Bank of China Credit Card Point Redemptions by ocn11451


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									         “Liquidity, Liquidity Everywhere
               But Not a Drop to Drink
           Liquidity, Liquidity Everywhere
            and all the Banks did Shrink”
With sincere apologies Samuel Coleridge and the Rime of the Ancient Mariner

              Professor Michael Palmer
          Presentation to Schnitzer West, LLC
                 Seattle, Washington
                 September 24, 2008
                Quick Bio
• Michael Palmer, Professor of Finance, Leeds
  School of Business, University of Colorado.
• Education: Ph.D. University of Washington,
  1967 (Finance and Macro-economics)
• Visiting Professor Status: Kansai Gaidai
  University, Osaka, Japan; Jiao Tong
  University, Shanghai, China; Semester at Sea
• Academic Director: London Seminar in
  International Finance
                Punch Line
• We have experienced an unprecedented
  freezing of global financial markets which
  is now affecting real economic activity.
  – Financial markets are showing some sign of
    thawing, but is it too little and too late to
    avoid a major global slowdown?
                Theme #1
• Current financial crisis is not a liquidity
              Liquidity is Not the Issue
There’s plenty of liquidity                       Borrowing from the Fed, $bn
•   Fed’s Discount Window Facility and 28 and
    84-day TAF program; 2008 data:
           • Discount Window (Primary)
              borrowing : $180bn
           • Primary Dealer Credit Borrowing:
           • Term Auction Facility: $1.7tr
     – Fed buying 3 month commercial paper
         from issuers.
     – Specific companies:
           • AIG: $85 billion (US Treasury) +
              $38bn (Federal Reserve)
•   Fed assets have ballooned to $1.8tr, or 12%
    of GDP – double from last year.
    Foreign Central Banks and Governments
          have also Expanded Liquidity
United Kingdom                           Euro-Zone
•   September 19, 2007: The Bank of      •   ECB permits approximately 1,900
    England announced that it would          member country (15) banks to
    conduct auctions to provide funds        raise 3- and 6-month funds through
    to banks at 3 month maturity.            weekly auctions.
     – Expected injection with this           – Funds injected through October
        program: $350bn                          8: $590bn.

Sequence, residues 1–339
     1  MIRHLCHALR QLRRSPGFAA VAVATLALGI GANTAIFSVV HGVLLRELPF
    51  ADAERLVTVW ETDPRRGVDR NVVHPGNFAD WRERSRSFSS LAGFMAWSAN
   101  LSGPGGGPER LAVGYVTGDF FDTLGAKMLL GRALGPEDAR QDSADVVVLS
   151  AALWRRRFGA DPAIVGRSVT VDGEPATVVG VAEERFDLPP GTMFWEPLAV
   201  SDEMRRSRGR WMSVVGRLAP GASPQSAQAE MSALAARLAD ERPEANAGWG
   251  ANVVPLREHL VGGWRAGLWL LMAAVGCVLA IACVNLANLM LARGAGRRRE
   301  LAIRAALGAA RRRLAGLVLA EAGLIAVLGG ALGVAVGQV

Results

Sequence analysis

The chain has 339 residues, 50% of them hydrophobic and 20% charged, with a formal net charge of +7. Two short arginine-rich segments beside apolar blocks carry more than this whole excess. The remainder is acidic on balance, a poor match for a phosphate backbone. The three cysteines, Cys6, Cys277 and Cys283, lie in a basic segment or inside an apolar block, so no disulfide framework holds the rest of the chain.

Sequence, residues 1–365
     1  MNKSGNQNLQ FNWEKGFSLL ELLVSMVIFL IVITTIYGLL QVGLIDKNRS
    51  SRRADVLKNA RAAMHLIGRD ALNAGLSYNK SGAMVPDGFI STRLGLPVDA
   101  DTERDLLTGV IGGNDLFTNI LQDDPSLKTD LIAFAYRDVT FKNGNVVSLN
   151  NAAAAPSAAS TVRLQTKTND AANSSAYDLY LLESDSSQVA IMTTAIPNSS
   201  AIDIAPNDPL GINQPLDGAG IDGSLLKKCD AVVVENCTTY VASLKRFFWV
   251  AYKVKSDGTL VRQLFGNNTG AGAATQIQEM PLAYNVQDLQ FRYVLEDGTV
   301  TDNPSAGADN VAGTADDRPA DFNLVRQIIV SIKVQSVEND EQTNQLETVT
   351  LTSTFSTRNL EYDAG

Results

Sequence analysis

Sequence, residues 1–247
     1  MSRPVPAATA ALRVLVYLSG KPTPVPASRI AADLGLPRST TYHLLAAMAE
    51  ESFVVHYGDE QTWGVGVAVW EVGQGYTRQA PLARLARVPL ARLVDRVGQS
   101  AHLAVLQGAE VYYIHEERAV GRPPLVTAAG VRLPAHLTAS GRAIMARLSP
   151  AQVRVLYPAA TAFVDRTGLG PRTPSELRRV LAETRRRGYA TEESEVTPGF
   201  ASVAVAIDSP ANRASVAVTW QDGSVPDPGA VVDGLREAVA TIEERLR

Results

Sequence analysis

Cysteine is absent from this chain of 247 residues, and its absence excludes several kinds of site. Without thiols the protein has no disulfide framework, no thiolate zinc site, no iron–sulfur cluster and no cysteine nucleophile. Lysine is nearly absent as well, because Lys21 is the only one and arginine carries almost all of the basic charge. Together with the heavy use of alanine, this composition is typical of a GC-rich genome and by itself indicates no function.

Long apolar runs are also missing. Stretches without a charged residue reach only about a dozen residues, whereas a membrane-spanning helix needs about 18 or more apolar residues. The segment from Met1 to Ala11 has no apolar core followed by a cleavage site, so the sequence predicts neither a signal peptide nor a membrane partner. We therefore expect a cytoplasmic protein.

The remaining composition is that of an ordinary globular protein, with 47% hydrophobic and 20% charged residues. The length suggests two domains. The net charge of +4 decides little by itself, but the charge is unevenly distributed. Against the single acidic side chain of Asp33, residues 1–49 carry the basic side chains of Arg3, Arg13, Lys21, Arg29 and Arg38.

•   October 8, 2008: Government          •   October 6, 2008: German
    announced it would buy shares in         Government announced a state-
    UK banks                                 lead rescue package for commercial
     – - Estimated injection: $90bn to       property lender Hypo Real Estate.
        135bn                                 – Estimated injection: $68bn.
U.S. Financial System has Plenty of
Reserves (Depository Institutions)
Excess Reserves                         Non-Borrowed Reserves
• = Total Reserves* - Required** • Total – Borrowing from
• Average Monthly Data ($Bn)       Fed
     – 2005 through 2007: $1.7          • Average Monthly Data
     – 2008 (Jan – Sep): $8.5***          ($Bn)
•   *Deposits at Fed + Vault Cash          – 2005 through 2007: $43.5
•   **Legal Reserves against Deposits
                                           – 2008 (Jan – Aug): -$92.0
•   ***$6.0Bn in September
But Reserves Are Not (Yet) Showing up
      in Money Supply Growth
M2 Growth*                      Commercial Loans*
• 3 Months, May 2008 to Aug     •   Aug 4-8, 2008:        $42.4Bn
   2008:        1.5%            •   Aug 6-10, 2007:       $39.7Bn
• 6 Months, Feb 2008 to Aug     •   Aug 7-11, 2006:       $44.0Bn
   2008:        3.3%            •   Aug 1-5, 2005:        $48.0Bn
• 12 Months, Aug 2007 to Aug    •   *Commercial and industrial
• 2008:         5.3%                loans made by large domestic
*Percent change an seasonally       commercial banks. Data are
   adjusted annual rates.           collected during the middle
                                    month of each quarter.
    What have Financial Institutions Done
         With Their New Liquidity?
Strategy #1                                3-month TED Spread
•    Investing in Safe-Haven Financial
      – Increase in Risk Aversion
•    Represented by TED Spread
      – Three month U.S. dollar Libor –
         Three month U.S. T-Bill rate.
      – Early 2007 spread 20 basis
      – Oct 14, 2008 spread reached 445
         basis points (the largest since
         data collection began in 1984)
   Impact of Safe Haven on Yields
                                         Yield Curve: Oct 2007 to
Strategy                                 Oct 2008
• Investing in Safe-Haven
  Financial Assets
   – Increase in Risk Aversion
   – Moving into Treasury Bills
       • Biggest impact on short
         segment of U.S. yield curve
       • Pushing down the short
         end of the curve.
           – Fed policy also affecting
             this segment.
    Financial Institutions Hesitate to Lend to
      One Another or to End-User Market
Strategy #2                                   U.S., U.K. and Euro-Zone
•   Hoarding Reserves
     – Represented by spread of LIBOR
        over Central Bank policy interest
     – Early 2008 U.S. spread was around
     – Currently spread is around 200
        basis points.
•   Increasing deposits with central banks.
     – Banks deposited a record amount
        of cash with the ECB (182.6bn
        euros) on Oct 13th
Financial Institutions Are Increasing
 their Deposits with Central Banks
• In addition to investing in safe haven
  assets, commercial banks are also
  increasing their deposit holdings at their
  respective central banks.
• ECB data:
  – Friday, Oct 10, 2008: Bank deposits with ECB
    totaled 154.7Bn euros.
  – Monday, Oct 14, 2008: Bank deposits with
    ECB totaled a record 182.8Bn euros.
                Theme #2
• Current financial crisis has little to do
  with interest rates!
    Central Bank Interest Rates on the
               Way Down
Central Bank Target Rates                       Through Oct 8, 2008
•   Key short term central bank rates are
    coming down.
     – U.S. response earlier and deeper.
     – From cycle peak:
          • U.S. 5.25% (6/06) – 1.5%
                – Easing began: Sept 2007
          • U.K. 5.75% (7/07) – 4.5%
               – Easing began: Dec 2007
          • Euro-zone 4.25% (7/08) – 3.75%
               – Easing began: Oct 2008
     – Other central banks are lowering rates